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"I think we should divide this question into two parts: what happened in Ukraine from December 2013 until February 2014 during the so-called Euromaidan revolution or the Revolution of Dignity. And, then, what happened afterwards when Ukraine was subjected to the illegal and illegitimate annexation of Crimea by Russia ..."
The most important defections took place at the end of January 2014 and in February and they happened within Yanukovych’s Party of the Regions, the army and the business community. Yanukovych had all the intentions of creating the second Tiananmen, but this time in Central Europe. He was willing to use an extreme violent force against protestors. The fact that protestors resorted to violence during those couple of days gave Yanukovych justification to use indiscriminate force against them. He called in the army because he knew he did not have enough police or interior security forces to deal with a huge number of protestors that occupied central Kyiv. According to a secret plan called “ Boomerang and Wave”, the government needed 20.000-25.000 security forces to take down Maidan. To do that, Yanukovych had to mobilize army units and transfer them to Kyiv. Army units he tried to mobilize refused to come in the end. Yanukovych was sensing that his regime was collapsing from within. This was recorded by the security cameras in his opulent palace on February 19th. Three days prior to his actual departure, he was already packing his things in anticipation of fleeing Kyiv. This finally happened before the worst violence broke out on February 20 and 21. Yanukovych had all willingness to use violence but he was left without real capacity to inflict that violence because the people were defecting from him. And people were defecting because the movement had mobilized masses by that point and could claim that it represented the Ukrainian society including its shared grievances. Even people in the security forces, the army and some in the Yanukovych party shared that grievances and felt the pressure of the society.
"There are at least two elements of that dynamics that I found important in order to understand Yanukovych departure. Firstly, there was a ‘backfire’ – when the resistance is nonviolent and violence is used against it, it can backfire, increasing sympathy and mobilization for the resistance... Secondly, another important mechanism during the nonviolent resistance in Ukraine was the process of defections from the main pillars of Yanukovych’s regime and those defections happened within the security forces and the police."
"The disproportionate violent force that was used against the unarmed people helped facilitate these defections. So I would look at the processes that the nonviolent movement created and accelerated rather than the processes that might have been brought about by some opposition violence."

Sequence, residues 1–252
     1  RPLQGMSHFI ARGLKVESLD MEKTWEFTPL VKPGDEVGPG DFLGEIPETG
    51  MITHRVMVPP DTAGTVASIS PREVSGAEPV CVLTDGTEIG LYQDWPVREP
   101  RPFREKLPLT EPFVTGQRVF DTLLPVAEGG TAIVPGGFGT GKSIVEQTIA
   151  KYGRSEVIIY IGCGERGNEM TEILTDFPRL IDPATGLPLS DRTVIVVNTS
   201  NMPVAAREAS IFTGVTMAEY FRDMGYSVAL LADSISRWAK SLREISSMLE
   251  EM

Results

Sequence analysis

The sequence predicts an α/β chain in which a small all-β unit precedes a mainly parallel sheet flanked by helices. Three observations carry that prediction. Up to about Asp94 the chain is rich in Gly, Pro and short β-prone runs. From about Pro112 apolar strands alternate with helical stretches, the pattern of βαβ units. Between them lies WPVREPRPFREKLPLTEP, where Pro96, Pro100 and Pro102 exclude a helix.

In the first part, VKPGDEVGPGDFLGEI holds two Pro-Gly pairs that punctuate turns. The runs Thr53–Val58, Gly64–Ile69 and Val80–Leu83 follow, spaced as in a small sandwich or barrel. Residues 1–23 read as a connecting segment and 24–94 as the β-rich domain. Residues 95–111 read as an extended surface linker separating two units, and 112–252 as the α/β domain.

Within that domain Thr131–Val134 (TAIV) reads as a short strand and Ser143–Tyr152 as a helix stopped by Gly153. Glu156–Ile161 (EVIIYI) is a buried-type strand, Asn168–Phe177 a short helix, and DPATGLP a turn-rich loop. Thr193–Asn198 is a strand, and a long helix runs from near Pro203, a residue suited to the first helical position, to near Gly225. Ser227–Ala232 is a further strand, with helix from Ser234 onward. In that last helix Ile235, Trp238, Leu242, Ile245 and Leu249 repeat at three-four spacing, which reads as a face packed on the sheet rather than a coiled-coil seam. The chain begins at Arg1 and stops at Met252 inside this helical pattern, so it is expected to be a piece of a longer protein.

"Ukrainian government literally shot itself in the foot by giving Russia the violence it always claimed was the part of the Ukrainian repertoire of struggle. In response to the volatile situation in eastern Ukraine, the Ukrainian government launched a so-called anti-terrorist operation or ATO with the support of the armed voluntary battalions whose formations were spearheaded by the radical Maidan factions."
"Despite some successes and some battles won, the war was essentially lost. When the military campaign was launched, it was based on hope that Russia would not intervene if the rebels get pulverized by the Ukrainian army."
"...there is this tendency of media and policy experts to focus on something that is visible and eye catching – on the interactions of top elites, negotiations between the Ukraine government, Poroshenko and Putin, and the dynamics of conflict between Western countries and Russia in the context of international sanctions... At the same time, I think there is a need to look at the strategies and tactics that are deployed on the ground and determine how helpful they might be in order to galvanize and gain that international support."
"Power of nonviolent movements comes from grassroots, when people decide to commit to the movement and to what it stands for. No amount of external aid can substitute for that grassroots power. Having said that the role of the international community, or the role of international nongovernmental organizations and other non-state actors could be helpful for nonviolent movements. And I think the international assistance for nonviolent movements can develop on both normative and practical levels."
"I have to add that there is not much understanding of how international community can help nonviolent movements. Usually, the international community resorts to a standard type of measures, such as sanctions against the regime. So, the focus is on inflicting pain on the opponent of a nonviolent movement rather than on how to assist nonviolent movement and with what aid."
TO BE CONTINUED
Next time, Maciej talks on the Arab Spring, the role of youth in nonviolent struggle and the intellectual foundations of nonviolent resistance. Stay tuned and share your thoughts in the comments section below.
Nonviolent Struggle in World Politics - A Special Interview With Dr. Maciej Bartkowski [Part 1] and our Timeline of Ukraine Crisis